Friday, November 27, 2009

New cross-language refactoring support for Groovy-Eclipse plugin

Thanks to the work of Michael Klenk and his students at the Institute for Software in Switzerland, the Groovy-Eclipse plugin now has cross-language refactoring support for renaming. Its use is seamless. Let me give you an example.

Let's start with a simple Java file and a simple Groovy file:


You can rename the field in the Java class:


This will perform the standard Java refactoring on all Java classes in your projects. Additionally, the refactoring will be performed on your groovy classes. If there are any ambiguous references to the Java field, the following dialog will open up allowing you to choose which references should be refactored:


And the result is what you would expect:


The refactoring can be initiated from the Groovy side as well:


As you can see, extract method an inline method are two other refactorings supported in Groovy code.

This functionality is currently available in the latest snapshot build of Groovy-Eclipse for Eclipse 3.5, available from the following update site:

Please send any questions or problems to the mailing list. We're happy to help. Enjoy!

Thursday, November 19, 2009

Getting AspectJ Pointcut matching timer information in AJDT

Andy Clement has just added pointcut match timing information to AspectJ. A number of people have been asking to have this included in AJDT, and so I did a little work and made it available in the latest dev builds of AJDT for 3.4 and 3.5.

Here's how to display timing information:

  1. Select Verbose and Pointcut matching timers from the AspectJ compiler preferences page (this can be either globally from Eclipse preferences or for a specific project from the project properties page):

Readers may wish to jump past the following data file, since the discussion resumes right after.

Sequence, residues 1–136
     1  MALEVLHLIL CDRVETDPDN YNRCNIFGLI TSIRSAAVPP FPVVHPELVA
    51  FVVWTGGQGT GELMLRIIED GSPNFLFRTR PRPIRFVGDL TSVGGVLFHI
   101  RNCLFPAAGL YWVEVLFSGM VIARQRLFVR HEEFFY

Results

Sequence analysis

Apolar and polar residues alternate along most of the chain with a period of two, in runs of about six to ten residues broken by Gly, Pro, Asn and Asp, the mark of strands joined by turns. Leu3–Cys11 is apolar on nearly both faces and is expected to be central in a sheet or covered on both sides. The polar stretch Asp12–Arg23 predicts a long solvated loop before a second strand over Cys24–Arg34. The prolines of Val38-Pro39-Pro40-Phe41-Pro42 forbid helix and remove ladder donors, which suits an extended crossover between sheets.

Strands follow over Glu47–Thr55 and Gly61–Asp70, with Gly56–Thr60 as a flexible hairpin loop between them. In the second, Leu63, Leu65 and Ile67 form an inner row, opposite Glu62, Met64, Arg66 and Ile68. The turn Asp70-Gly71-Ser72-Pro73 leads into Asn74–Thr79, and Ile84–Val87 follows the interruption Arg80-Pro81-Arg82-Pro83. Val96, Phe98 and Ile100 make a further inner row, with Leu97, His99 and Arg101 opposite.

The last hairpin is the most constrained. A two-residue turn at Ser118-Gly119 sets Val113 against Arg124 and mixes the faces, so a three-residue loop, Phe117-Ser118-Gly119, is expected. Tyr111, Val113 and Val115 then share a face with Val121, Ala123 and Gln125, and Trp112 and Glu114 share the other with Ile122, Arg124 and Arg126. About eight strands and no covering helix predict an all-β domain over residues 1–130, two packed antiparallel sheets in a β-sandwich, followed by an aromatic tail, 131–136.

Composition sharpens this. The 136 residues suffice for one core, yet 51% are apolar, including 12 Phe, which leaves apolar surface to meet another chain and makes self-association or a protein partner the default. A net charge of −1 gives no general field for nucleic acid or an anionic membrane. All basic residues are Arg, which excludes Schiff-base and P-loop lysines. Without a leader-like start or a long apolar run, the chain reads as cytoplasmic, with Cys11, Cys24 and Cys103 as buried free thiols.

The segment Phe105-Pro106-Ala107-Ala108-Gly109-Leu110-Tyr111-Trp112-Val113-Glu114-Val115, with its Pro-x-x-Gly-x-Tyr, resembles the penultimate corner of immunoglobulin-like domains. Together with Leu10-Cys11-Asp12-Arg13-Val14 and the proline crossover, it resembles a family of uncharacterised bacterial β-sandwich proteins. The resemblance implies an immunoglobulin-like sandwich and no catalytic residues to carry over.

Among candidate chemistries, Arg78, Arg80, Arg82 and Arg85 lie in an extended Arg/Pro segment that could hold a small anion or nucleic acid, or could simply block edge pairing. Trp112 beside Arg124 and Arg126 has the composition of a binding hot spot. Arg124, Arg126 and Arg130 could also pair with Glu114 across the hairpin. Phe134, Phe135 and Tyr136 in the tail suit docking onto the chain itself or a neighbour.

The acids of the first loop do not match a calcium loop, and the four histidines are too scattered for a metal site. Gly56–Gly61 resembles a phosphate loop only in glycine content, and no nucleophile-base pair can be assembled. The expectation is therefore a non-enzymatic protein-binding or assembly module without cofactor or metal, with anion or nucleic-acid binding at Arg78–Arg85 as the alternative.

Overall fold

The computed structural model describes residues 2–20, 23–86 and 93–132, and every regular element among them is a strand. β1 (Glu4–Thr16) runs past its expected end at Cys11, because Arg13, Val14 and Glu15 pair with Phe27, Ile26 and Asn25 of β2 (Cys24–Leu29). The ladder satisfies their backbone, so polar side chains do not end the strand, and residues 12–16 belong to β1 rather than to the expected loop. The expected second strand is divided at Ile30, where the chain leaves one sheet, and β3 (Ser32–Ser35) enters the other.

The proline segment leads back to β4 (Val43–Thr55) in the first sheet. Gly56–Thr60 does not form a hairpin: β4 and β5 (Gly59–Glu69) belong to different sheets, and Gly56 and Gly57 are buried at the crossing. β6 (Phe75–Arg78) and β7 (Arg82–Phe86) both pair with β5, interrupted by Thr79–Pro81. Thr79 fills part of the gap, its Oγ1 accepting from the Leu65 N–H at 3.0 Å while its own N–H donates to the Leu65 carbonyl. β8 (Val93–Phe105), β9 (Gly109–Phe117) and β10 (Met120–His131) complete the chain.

compiler prefs

  2. In the AJDT Event Trace View, ensure that you have Compiler / Task list messages selected:

    event trace

And now on every project build (incremental or full), you will see pointcut matching times spit out to the event trace:


Enjoy! Questions can be sent to the AJDT developer's mailing list.

Monday, November 16, 2009

How type inferencing for Groovy in Eclipse is leading to all sorts of Groovy goodness

Of all of the recent improvements of Groovy-Eclipse since M1 has been released, the groovy type inferencing engine is the most pervasive and powerful. This inferencing engine is able to take a groovy file or code snippet and infer the type of any or all of its expressions. It now forms the core of several of the most prominent features of Groovy-Eclipse. Everything that I describe here is currently available in the latest snapshot release of Groovy-Eclipse for Eclipse 3.5 and the update site is here:

In this post, I am going to describe how the inferencing engine is currently used in Groovy-Eclipse and then I will dive a deep and describe how it is implemented. I'll end the post by describing our plans for immediate the future.

What type inferencing is used for

Underlining statically indeterminate references

The Groovy editor now underlines all references that cannot be determined while editing. This happens in a background thread while you type. So, the following code (notice the mispelling of asImmutable):

def aList = []
def otherList = aList.asImmutabl()

...will appear in the editor like this...


...and when the typo is fixed, the underlines go away...


Code is re-analyzed after every keystroke (well, actually, it is after every keystroke that is followed by 500ms of no keystrokes). The type of every reference in the file is looked up using the inferencing engine. Every reference that cannot be found is considered to be unknown and will be underlined.